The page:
I can’t help thinking Grøndahl is a bit self-deprecatory here and the narrator’s books are actually his. I haven’t read any of his other novels but this one rather fits the description. If Grøndahl had literary cousins, I think they would be Modiano, Noteboom, Kundera and possibly Marias. His cousins would be European, not American. In my opinion, this is a trend in European literature. While these novels are often beautifully written, full of marvelous exploration of the fleetingness of life, of memories, they also often leave me unsatisfied. I don’t like to generalize but the characters are often in the same social circles as the writer: journalists, writers, university teachers, artists. No corporate executives, shop owners or plumbers in these books. They dig deep in the characters’ psyche or angst and they feel a bit disconnected with real life. I had this impression with Piazza Bucarest and with Dimanches d’août by Modiano. They are good books, ones that give you a long list of artistic quotes but whose plot is fuzzy a few weeks after you’ve read them. Does that ring a bell to you?

Have you read Grøndahl and what do you think about this last quote?


  1. September 13, 2015 at 5:11 pm

    I was excited when I saw this was a Danish book but that petered out as the review went on. I don’t think I’d like this one much.


    • September 13, 2015 at 7:44 pm

      Out of the three Danish book I’ve read, the best one is the Fleming and it’s not available in English, sorry.
      I wouldn’t pick Piazza Bucarest for you.


  2. September 13, 2015 at 11:14 pm

    A lot of writers in the U.S. who publish with small presses or self-publish have narrators who are writers who are always broke, never getting a big book deal, and drinking themselves to death, in my opinion. I, too, dislike such stories. My observation is a generalization, though.


    • September 26, 2015 at 7:32 am

      I guess it’s hard to follow the “write-about-what-you-know” recommandation and not write about a writer. 🙂

      Liked by 1 person

  3. September 14, 2015 at 8:50 am

    Very interesting comments in your closing paragraph, Emma. I can see why this book didn’t work for you – it does sound a little heavy on the introspection. Even though I really love Marais’ work, I’m not sure how I’d get on with Piazza Bucarest. The quotes, especially the second one, aren’t grabbing me right now. Ah, well…


    • September 26, 2015 at 7:37 am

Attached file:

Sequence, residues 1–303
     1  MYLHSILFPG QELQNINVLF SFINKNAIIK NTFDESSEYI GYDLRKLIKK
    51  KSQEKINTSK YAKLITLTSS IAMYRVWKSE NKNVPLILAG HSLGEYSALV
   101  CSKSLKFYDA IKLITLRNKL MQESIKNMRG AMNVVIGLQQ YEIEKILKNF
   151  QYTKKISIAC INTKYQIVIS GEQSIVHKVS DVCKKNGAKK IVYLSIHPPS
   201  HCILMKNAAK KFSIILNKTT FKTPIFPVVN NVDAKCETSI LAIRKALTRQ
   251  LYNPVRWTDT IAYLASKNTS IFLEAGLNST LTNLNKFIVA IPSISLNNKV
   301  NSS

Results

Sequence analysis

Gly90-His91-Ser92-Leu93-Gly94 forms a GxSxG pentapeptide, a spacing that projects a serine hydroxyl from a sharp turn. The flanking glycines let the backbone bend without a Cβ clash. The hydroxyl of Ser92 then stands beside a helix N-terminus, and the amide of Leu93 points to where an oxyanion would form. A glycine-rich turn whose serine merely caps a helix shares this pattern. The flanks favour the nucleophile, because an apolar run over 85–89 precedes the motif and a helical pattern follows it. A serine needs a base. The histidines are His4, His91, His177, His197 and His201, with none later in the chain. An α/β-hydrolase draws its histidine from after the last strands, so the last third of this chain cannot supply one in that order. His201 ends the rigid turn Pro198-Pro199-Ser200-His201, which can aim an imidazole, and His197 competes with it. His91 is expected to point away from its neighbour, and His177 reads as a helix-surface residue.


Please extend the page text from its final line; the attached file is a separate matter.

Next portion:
Sorry for being so late answering your comment. I’ve had a hard time going back to my computer after work these last weeks.

      I like introspection when it avoids stirring one’s “navel’s turmoil with a teaspoon.”

      That’s what I didn’t like in Tomorrow in the Battle, Think on Me: the character was always splitting hair, torturing himself over tiny little details that are nothing in the grand scheme of thing. While you do that, the train of your life leaves the station without you.


  4. September 17, 2015 at 10:59 am

    My reaction was much as Guy’s. I have to admit, I rarely find novels with novelist protagonists interesting. They can be, but all too often they have a certain claustrophobic lack of a sense of life, a lack of corporate executives or shopkeepers or plumbers or whatever. Novels about novelists and novelists’ milieus.

    There are a great many novels which while beautifully written at the level of the sentence are ultimately lacking at the level of the book. Perfectly crafted, but lifeless.


    • September 26, 2015 at 7:51 am

      Very sorry for the delay to answer your comment.

      This lack of “sense of life” is what bothers me. They become elitist, in a sense, without meaning to be.

      And sometimes writers write a story set in the corporate world and you feel that they’ve never set a foot in an office. In La délicatesse by Foenkinos (not a fantastic literary achievement but an honest novel), it is clear that the author’s idea of how an office is run and what people do in support staff is fuzzy at least, right old fashioned at times.

      But some books with writer protagonists are very good, like novels by John Fante, Philip Roth, Philippe Djian, or Hunger by Hamsun.

      Fante has a healthy sense of humour. Roth broadens the perspective of the novel to an analysis of society. Djian’s characters happen to be writers but it’s not the core of the story, they could be something else. And Hamsun, well, Hunger was so much more than about a struggling writer, even if the character’s choice of profession causes his financial difficulties.

      And they’re not in what you call “novelists’ milieus” and they avoid the pitfall of examining their navel too closely.